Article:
What's eco-guilt and how can you manage it?

We can't all be like Greta Thunberg, but we can try our best

It's common for people to feel a sense of eco-guilt in this day and age. Getty Images
Beta V.1.0 - Powered by automated translation

It doesn’t matter where you live or how environmentally conscious you are, eco-guilt can strike anyone.

The Urban Dictionary (that bastion of vocabulary) describes eco-guilt as: “The feeling you get when you could have done something for the environment, but consciously made the decision not to.”

Living in Dubai, I get it all the time. I could turn my air-conditioning off far more than I do. I could recycle more. I could compost my fruit and vegetable scraps. I could replace the real grass in our garden with tiles or even a faux lawn. I need to stop forgetting my reusable shopping bags!

I could go on – and I do, in my head, with endless running subconscious commentary on my carbon footprint and how I could, I should, be doing better.

Experiencing eco-guilt means you are aware of your choices. This is the first step in your journey towards making a difference
Puja Karani, partnerships manager at The Goodness Company

How do I manage it? Not particularly well, but mostly I have to remind myself that I'm doing my best. That if I forget the tote bag this time and take a plastic one instead (or end up buying another one for my collection of hundreds, which does rather defeat the point), then I can reuse it and do better next time.

While some might find this emotion motivational, sparking a passion in them to do more for the environment, others may start to feel a sense of paralysis, as they consider themselves a bad person for not already doing so.

I fall into both camps, switching between wannabe eco-warrior and apathy, and I have no doubt that I'm not alone on this.

Puja Karani, partnerships manager at UAE sustainability-focused everyday essentials brand The Goodness Company, says she’s prone to eco-guilt, too, despite her planet-saving job.

Even Greta Thunberg knows having no carbon footprint is impossible in 2022. AFP

“In today’s fast-paced and demanding world, we are all experience eco guilt at some point in our lives,” she tells The National. “From using disposables to purchasing high street fashion, and to the food choices I make sometimes, I do experience this guilt.”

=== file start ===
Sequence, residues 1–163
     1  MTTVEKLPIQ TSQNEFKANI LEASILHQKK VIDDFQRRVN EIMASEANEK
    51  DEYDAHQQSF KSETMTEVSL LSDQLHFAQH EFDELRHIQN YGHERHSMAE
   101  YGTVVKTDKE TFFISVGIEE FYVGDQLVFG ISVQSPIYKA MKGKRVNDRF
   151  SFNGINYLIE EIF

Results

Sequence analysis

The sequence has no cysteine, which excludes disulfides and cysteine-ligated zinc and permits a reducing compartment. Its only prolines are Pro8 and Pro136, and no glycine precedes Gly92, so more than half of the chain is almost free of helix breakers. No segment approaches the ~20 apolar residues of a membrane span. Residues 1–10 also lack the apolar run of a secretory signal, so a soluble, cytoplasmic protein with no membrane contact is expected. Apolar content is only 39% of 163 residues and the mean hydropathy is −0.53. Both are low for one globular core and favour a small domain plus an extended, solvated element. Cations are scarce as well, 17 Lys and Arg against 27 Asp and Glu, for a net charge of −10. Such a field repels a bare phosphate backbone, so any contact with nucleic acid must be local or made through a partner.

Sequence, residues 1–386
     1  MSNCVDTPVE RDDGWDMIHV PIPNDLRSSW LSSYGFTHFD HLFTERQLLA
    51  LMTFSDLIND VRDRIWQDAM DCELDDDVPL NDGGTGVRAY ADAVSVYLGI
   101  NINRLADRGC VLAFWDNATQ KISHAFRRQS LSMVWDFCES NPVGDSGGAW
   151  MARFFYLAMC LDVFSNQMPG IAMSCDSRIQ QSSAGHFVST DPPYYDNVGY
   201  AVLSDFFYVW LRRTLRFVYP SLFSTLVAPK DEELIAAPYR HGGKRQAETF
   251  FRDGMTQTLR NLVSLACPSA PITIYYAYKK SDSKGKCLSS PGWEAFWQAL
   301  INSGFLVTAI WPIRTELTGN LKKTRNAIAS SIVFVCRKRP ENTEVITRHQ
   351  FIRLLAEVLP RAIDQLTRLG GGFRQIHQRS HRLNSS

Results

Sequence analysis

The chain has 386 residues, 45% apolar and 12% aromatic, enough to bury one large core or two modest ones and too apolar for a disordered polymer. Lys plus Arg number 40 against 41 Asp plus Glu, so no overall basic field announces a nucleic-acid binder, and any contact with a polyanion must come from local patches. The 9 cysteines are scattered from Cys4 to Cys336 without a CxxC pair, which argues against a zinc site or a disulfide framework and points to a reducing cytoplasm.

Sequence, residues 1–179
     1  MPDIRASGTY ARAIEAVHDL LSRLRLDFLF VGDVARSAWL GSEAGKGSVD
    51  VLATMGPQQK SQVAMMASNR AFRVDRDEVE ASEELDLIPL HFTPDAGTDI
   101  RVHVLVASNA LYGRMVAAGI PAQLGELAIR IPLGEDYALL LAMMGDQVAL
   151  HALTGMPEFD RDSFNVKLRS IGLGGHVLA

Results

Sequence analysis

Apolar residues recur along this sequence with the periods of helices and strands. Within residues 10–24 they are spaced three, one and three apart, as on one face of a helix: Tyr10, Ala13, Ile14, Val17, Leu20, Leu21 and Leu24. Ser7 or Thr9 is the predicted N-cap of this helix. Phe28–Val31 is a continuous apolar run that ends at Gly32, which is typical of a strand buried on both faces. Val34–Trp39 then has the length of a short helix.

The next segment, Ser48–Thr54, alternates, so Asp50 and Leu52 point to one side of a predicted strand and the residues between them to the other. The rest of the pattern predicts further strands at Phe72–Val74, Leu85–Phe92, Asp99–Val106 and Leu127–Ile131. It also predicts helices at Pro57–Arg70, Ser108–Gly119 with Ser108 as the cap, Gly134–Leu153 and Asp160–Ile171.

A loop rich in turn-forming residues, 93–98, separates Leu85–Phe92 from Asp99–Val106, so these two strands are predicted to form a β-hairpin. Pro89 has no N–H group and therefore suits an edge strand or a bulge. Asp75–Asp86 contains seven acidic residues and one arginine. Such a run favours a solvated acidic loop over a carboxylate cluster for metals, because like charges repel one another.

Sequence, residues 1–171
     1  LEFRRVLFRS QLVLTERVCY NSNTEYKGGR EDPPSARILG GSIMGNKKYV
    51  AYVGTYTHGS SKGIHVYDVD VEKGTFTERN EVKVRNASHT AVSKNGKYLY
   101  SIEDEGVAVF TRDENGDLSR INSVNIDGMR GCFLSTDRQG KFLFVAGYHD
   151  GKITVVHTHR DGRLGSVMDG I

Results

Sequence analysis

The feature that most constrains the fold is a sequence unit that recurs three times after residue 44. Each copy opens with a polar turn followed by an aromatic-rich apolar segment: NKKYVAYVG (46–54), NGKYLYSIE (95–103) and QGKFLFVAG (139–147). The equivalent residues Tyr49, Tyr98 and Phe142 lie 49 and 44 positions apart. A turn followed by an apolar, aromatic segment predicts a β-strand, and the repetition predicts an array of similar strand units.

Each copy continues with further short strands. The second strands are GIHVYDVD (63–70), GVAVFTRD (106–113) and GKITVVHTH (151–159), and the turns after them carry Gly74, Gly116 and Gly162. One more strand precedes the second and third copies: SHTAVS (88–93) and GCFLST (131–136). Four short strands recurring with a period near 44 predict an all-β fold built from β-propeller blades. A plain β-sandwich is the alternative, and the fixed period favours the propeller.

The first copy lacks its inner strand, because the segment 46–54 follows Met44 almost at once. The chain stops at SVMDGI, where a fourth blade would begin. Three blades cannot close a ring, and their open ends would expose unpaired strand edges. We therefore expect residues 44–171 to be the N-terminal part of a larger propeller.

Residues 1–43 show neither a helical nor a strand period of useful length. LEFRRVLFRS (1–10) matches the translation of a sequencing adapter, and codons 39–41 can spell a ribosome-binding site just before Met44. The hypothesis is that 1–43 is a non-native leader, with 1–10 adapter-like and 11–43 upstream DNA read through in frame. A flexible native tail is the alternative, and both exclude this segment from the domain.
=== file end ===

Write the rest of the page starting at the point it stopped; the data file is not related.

To manage this, Karani has reviewed what’s within her control and how she can realistically make a difference. “I set goals for myself and my household that are achievable. We started with educating people at home to reduce the use of single-use plastic. Carrying reusable bags, avoiding the use of plastic straws and plates, and, when possible, refusing to take bags with our new shopping.”

Other small changes we can make at home include swapping toiletries for eco-friendly alternatives, for example, or eating less meat, buying produce from local vendors and choosing secondhand clothes and furniture.

Karani’s now teaching her children about how to reduce their own impact on the planet.

“Experiencing eco-guilt means you are aware of your choices,” says Karani. “This is the first step in your journey towards making a difference. Start by setting small, realistic goals initially for yourself and then extending these to your homes and workplaces.”

Nada El Barshoumi, the brains behind blog One Arab Vegan, also feels it. "Although I try to be forgiving towards myself, I definitely feel eco-guilt from time to time, especially around recycling," she admits. "I do my best to recycle as much as I can, but it’s not always possible 100 per cent of the time."

It's easy to be struck by a sense of apathy when you remember the planet will only be saved if those in charge act. "Although individual contribution is paramount, what we really need is institutional support and policymaking to help make real progress on environmental issues," says El Barshoumi.

But we can, in the meantime, at least increase demand for sustainable products in our local areas, ask brands and businesses to do better and generally make noise about what we will no longer stand for among governments and communities.

"My guilt around recycling may prompt me into making more conscious choices, for example, but what we ultimately need is for governments and institutions to help create and mobilise a better infrastructure for recycling," says El Barshoumi.

Karani, meanwhile, specifically calls out e-commerce businesses for the waste they contribute. “They are one of my biggest eco-guilt contributors. I would highly advise them to look at alternatives to the plastic packaging materials they are using or use recycled packaging where possible.”

The fact is, no one’s perfect, not even Swedish climate activist Greta Thunberg, who in 2019 sailed across the Atlantic to make the point that it’s near impossible for people to live sustainably today without world leaders taking charge and creating new policies.

Whether or not you forgot to turn off your AC off overnight will make little difference in the grand scheme of things. All we can do is try our best.

It's as El Barshoumi puts it: "We should always aspire towards progress, no matter how incremental it is, and not perfection."

Updated: January 19, 2022, 6:10 AM